As fly anglers we are not generally disposed to do things the easy way. Our sport isn’t generally about efficiency. Part of the draw is in the difficulty of the doing rather than the attainment of the goal (such as it may be). Whether we choose the presentation of dry flies as the epitome of our art, dragging streamers for the drug of the tug or drifting bead heads under bobbers we tend to choose our preferred technique based on personal preference rather than efficacy. At least more so than other forms of angling. If all we wanted was to catch fish a worm would do nicely.
Learning new ways can also scratch the challenge itch. Maybe you’ve caught the Czech nymphing bug (yes, of course, pun intended). Maybe you’ve played around with Tenkara or started tying triple articulated, hair wing streamers. Maybe you’re in the throws of the double haul dilemma. There is no shortage of ways we can choose to keep our sport more continually engaging.
There are also some things that, at first glance, can seem overwhelmingly complex and out of reach for the average angler just wanting to get out and throw a fly and maybe catch a fish or two. Casting and fishing with a spey rod is one of those things.
There has been a fairly recent and growing interest (outside of a few counterculture types hiding out in the dense steelhead jungles of the Pacific Northwest) in various forms of spey casting and with it a bewildering assortment of rods, lines and nomenclature. Spey casting originated in the 1800s in Scotland…most probably on a particular salmon beat on the river Spey, to solve a particular problem; presenting flies to salmon over the breadth of a large river unsuitable for wading.
It has since been modified, adapted and bastardized to suit many regional styes and needs. Most recently Skagit and Scandi styles have developed on the west coast to present large, heavily weighted flies to deep lying steelhead in swift water or smaller, lighter flies with little backcast room respectively.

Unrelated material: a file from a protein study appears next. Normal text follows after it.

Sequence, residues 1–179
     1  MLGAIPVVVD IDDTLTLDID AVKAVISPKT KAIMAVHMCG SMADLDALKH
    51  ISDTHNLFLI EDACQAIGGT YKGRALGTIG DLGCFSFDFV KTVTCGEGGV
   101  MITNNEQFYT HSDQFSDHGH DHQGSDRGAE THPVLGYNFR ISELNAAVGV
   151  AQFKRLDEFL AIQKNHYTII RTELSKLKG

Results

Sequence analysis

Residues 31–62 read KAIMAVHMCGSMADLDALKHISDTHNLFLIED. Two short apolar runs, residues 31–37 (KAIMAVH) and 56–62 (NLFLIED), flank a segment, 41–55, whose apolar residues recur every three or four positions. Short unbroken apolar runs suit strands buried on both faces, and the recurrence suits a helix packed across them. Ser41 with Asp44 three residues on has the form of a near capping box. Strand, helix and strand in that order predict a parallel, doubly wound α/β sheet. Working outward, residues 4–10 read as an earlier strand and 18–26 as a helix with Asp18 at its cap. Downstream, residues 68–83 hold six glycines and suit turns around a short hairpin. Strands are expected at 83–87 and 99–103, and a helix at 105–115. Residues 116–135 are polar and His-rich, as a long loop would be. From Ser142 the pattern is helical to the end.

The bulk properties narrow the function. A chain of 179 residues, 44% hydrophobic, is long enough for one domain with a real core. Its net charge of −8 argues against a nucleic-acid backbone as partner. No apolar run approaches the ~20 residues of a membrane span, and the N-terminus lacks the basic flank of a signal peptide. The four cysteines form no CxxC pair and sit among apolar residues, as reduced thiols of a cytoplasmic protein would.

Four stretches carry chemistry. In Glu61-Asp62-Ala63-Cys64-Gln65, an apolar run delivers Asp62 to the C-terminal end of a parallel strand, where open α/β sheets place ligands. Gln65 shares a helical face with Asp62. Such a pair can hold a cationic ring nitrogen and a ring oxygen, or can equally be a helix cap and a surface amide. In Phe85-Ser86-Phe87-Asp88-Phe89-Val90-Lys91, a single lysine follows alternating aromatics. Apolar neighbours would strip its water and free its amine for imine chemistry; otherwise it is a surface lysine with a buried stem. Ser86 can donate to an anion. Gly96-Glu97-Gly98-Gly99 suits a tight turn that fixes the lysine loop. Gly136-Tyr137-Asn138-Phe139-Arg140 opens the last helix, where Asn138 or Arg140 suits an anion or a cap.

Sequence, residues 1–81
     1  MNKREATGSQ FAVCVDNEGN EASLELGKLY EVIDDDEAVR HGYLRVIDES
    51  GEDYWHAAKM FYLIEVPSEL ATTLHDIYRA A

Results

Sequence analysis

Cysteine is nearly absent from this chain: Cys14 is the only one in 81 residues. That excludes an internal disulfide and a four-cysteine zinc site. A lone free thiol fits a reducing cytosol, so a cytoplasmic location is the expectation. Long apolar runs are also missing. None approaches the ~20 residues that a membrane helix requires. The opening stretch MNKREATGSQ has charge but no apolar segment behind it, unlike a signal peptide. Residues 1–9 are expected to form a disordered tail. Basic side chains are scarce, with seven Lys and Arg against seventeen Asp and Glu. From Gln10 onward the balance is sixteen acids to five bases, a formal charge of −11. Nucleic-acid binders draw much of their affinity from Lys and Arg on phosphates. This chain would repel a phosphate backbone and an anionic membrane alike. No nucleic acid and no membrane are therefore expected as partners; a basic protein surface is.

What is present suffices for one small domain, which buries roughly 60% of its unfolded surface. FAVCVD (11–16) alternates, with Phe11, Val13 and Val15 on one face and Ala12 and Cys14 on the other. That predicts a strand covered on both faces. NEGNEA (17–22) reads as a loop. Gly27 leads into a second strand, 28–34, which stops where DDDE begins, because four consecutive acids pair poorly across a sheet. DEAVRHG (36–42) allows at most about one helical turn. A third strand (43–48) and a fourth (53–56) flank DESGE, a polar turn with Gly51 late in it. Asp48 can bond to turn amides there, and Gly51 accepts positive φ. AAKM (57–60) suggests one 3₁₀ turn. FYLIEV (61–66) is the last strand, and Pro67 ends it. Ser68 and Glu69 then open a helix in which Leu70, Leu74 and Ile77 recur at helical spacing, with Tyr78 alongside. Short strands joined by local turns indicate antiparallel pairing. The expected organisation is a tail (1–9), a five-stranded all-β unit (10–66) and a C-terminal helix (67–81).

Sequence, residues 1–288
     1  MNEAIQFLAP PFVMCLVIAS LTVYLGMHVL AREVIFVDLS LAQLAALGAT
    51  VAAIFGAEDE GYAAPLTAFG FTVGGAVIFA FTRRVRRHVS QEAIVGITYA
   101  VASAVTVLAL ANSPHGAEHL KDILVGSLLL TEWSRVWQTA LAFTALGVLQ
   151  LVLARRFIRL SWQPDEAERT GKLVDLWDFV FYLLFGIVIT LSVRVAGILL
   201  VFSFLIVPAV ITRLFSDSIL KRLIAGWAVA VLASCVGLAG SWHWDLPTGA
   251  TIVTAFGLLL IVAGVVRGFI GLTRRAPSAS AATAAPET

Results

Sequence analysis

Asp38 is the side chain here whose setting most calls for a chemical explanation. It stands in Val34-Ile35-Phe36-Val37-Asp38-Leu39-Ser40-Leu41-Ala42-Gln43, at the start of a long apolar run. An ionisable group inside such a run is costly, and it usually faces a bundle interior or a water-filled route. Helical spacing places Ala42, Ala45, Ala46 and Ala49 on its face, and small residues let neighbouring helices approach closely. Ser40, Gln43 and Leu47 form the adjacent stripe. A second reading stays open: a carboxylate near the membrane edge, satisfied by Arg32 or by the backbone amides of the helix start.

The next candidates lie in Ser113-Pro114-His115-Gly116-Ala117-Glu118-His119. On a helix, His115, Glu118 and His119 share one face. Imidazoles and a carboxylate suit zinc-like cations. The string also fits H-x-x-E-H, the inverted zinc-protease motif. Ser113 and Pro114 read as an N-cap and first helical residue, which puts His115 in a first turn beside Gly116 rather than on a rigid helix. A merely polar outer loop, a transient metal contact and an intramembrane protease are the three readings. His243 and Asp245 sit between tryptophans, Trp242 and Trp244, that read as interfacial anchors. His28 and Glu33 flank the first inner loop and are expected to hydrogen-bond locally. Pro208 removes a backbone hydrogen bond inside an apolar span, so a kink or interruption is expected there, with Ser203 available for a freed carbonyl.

If you’ve seen an intrepid angler out on your local stream attempting to maneuver an overly long rod and thought that it might be fun to check out and, upon reading some “advice for beginners” article propounding line grain weights, shooting heads, Poly Leaders, Perry Pokes and such, thrown up your hands in eye rolling disgust, you’re not alone. It doesn’t have to be this way.
Casting and fishing a Spey or switch rod (and understanding the difference between them) isn’t, or at east doesn’t have to be, rocket science. As in most things in angling and life, you can choose the level of complexity you’re comfortable with. There is no reason you can’t march into your local (knowledgable) fly shop, tell them what you want to do and have them set you up with the appropriate rig; a rod, reel, one line, maybe a sink tip, a leader and even a fly or two. That’s really all it takes other than learning a couple new casts….and that’s the fun part.
Why? Why pick up another set of gear and spend some time and frustration learning something new (other than for the challenge and interest of it)? First and foremost it’s another tool in the box. Can’t have too many of those; you’re on foot in a deep, fast, unwadeable run and you see a frickin pig slurping salmonflies against the far bank, bushes behind you preclude any semblance of a backcast…too far for a roll cast. Got him. You’re a streamer junkie who loves nothing more than toking the tug on a tight line. Cover the whole run tip to tail at every depth and every speed. You blew a rotator cuff ballin the Glory Days…chunking and mending that leaded bobber rig brings you to your knees after half a day….use both hands. Need I continue?
New needn’t be intimidating. We all threw our first fly cast, tied our first clinch knot or blew our first dry fly drift at some point. Don’t take a spinning rod on those extended saltwater trips just in case? Why not? Expanding our knowledge and skill set only leads to greater expansion of opportunities and, hopefully...success.
Join Mike Lum for a half-day Madison River Spey clinic on Sunday May15th. Mike will teach the basics of Trout spey gear, casting, and tactics. The cost is $75/angler and space is limited so contact us today! Shop (406) 682-5150 or firstname.lastname@example.org